Gluten-free food profusion: Fad or epidemic?
Avoiding gluten because of sensitivity or celiac disease in the United States was nearly unheard of 50 years ago, yet today it's de rigueur. Is the disease on the rise, or is it just another pop food fixation?
Wed, Aug 01 2012 at 12:11 PM
Peanuts, dairy, carbs. There seems to be no end to the parade of food public enemies, the dietary components that have been popularly shunned in the name of allergy, intolerance and general well-being. The latest ingredient non grata is gluten, the protein found in bread and other foods. A decade ago no one seemed to have a problem with it, now there are gluten-free bakeries in many cities, restaurants provide a GF icon for gluten-free options, and supermarket shelves are lined with gluten-free products. Celebrities tout their gluten-free diets and support groups help people deal with celiac disease, the digestive condition caused by eating gluten. (For the lowdown on gluten, read what is gluten?)
But the question that begs to be answered is this: Does the increase in people eating gluten-free foods suggest a celiac disease epidemic or is the turn to gluten-free pastas and crackers merely another food fad?
A new study from the Mayo Clinic reveals that it may be both.
For the study, Dr. Joseph Murray, a gastroenterologist at the Mayo Clinic in Rochester, Minn., took an interesting approach. He and his team examined blood samples taken in the 1950s and compared them with current samples, and found that it wasn't just more accurate diagnosis pushing up the numbers. Celiac disease is increasing. The findings confirm that about 1 percent of U.S. adults have it today as compared to 50 years ago, making it four times more common now.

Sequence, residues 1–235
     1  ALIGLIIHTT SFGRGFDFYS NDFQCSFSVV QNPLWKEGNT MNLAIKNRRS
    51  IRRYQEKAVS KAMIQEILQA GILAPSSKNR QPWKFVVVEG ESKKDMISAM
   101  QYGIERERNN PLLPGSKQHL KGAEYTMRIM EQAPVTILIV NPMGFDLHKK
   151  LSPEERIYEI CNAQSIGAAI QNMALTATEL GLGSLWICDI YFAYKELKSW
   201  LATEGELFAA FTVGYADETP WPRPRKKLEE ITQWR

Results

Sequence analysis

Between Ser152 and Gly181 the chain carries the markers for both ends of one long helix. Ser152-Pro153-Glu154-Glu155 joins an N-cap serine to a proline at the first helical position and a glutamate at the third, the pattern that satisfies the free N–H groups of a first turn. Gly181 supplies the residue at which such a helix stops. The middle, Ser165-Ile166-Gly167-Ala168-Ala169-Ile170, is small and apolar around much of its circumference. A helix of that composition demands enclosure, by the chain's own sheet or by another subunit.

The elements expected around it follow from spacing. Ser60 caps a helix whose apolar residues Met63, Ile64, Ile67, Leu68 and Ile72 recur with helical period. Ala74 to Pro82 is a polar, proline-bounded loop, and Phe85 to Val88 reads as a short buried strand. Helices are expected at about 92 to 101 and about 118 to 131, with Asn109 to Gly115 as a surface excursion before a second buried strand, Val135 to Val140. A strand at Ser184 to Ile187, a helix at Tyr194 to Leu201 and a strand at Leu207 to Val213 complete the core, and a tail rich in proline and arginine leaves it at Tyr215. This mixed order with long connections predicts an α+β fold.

The study reports that about 1.8 million Americans have celiac disease, but about 1.4 million people with the condition may not be aware they even have it. Meanwhile, about 1.6 million people in the U.S. eat a gluten-free diet even though they haven't been diagnosed with celiac disease.
Picky eaters and food fads aside, the research clearly suggests that more people really are getting sick from eating gluten.
Some scientists think that the uptick is due to more processed wheat products with a higher gluten content, like pasta and baked goods.
Murray noted that it could also be from a change in wheat itself. It was in the 1950s that scientists started cross-breeding wheat to create more durable and commercially viable plants. The timing of the new wheat varieties and beginning of more common gluten problems coincides neatly.
According to market research, Americans will spend an estimated $7 billion this year on products with a gluten-free label. Yet even though celiac rates are rising, it’s thought that possibly more than half of consumers buying gluten-free products have no reaction to the protein and are purchasing the items because they believe the products will help them lose weight, make them feel better, or because they wrongly think that they have a gluten problem.
That said, for the rising ranks of those affected by celiac disease and gluten sensitivity, let’s hope the faddists help keep the gluten-free products coming.
The study is published in the July 31 issue of the American Journal of Gastroenterology.
MNN tease photo: Shutterstock
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